Maynard Dixon’s New Mexico Centennial
Aug 14 (6–9pm) & Aug 15-17 (11am-5pm) | Entrance included with show admission
Location: El Museo Cultural de Santa Fe
One hundred years ago this summer Maynard Dixon showed his work for the first time in New Mexico. It was September 1918, and the Santa Fe Museum of Fine Art exhibited a handful of paintings by Maynard Dixon (1875-1947), who was by then well-known for his masterly treatment of Western landscapes, animals, and people. Now, a hundred years later, the work of this seminal American artist will once again be shown in Santa Fe.
Featuring over a hundred paintings and drawings, this is the first time in over a quarter century a major Maynard Dixon public exhibition has been on view in New Mexico. “Maynard Dixon’s New Mexico Centennial” will open August 9, 2018, and will be on display throughout the course of both the Objects of Art Santa Fe and Antique American Indian Art shows, held at El Museo Cultural in the Santa Fe Railyard. Curated by one of the most respected Dixon collectors and dealers, Mark Sublette, this show will affords viewers a rare opportunity to learn about this enduringly beloved figure in American painting.
Maynard Dixon was born in Fresno, California, and though he began as a commercial and illustrative artist, he went through numerous iterations over the course of his fifty-year long creative career. This special exhibition will include never-before-seen artwork, correspondence, and other items, such as Dixon’s original Golden Gate Bridge drawings—accompanied by a letter he wrote to bridge architect Irving Morrow recommending the structure be red in color—as well as a rare New Mexico cloud series executed in 1931 during Dixon's stay in Taos, a first portrait from life, drawn in 1890 and critiqued by Fredric Remington critiqued, and much more. Dixon’s painting easel, books, original poetry, and photographs round out the exhibit.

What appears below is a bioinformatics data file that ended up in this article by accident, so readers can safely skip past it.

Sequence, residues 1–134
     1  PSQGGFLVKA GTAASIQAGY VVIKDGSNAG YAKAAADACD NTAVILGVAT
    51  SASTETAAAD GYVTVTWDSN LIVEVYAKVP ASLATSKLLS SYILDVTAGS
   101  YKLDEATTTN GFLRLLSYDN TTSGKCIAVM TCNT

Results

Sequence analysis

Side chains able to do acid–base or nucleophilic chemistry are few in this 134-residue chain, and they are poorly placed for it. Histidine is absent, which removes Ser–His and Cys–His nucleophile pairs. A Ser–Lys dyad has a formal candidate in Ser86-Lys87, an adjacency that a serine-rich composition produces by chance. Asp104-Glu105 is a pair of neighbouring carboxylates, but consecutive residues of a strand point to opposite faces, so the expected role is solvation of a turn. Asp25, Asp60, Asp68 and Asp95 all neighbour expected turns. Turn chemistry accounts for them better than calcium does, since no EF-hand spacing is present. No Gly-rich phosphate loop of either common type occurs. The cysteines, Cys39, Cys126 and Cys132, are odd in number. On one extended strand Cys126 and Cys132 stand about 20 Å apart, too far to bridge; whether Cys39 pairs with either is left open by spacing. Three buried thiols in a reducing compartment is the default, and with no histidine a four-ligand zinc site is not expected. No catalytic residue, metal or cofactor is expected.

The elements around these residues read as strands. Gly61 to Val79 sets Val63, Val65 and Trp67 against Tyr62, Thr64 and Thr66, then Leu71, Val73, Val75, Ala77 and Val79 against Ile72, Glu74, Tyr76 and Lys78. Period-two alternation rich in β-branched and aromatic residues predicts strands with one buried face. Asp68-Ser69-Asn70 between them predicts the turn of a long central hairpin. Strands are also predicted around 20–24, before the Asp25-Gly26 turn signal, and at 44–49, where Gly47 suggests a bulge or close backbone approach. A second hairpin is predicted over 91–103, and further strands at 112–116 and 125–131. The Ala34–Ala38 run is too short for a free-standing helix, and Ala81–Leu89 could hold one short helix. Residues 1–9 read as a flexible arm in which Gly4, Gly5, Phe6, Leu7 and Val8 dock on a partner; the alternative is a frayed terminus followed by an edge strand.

Dixon incorporated a range of styles and influences throughout his storied career. Inspired by realism, impressionism, and modernism, the artist was also deeply impacted by his second wife, the renowned photographer Dorothea Lange. As a portrait painter, Dixon’s confidant hand was capable of conveying even the subtlest moods; as a commercial artist—several of his Sunset Magazine covers, for instance, are featured in this exhibition—Dixon’s keen ability to capture the adventure and freedom he so obviously admired in the American West is evidenced in dozens of works. Ansel Adams once remarked that from Dixon’s point-of-view, “the West was uncrowded, unlettered, unorganized and free.”
“Maynard Dixon’s New Mexico Centennial,” in addition to being an important historical exhibition, also reveals a fascinating, in-depth look at an artist whose deep curiosity and profound respect for the world around him are evidenced in every brushstroke.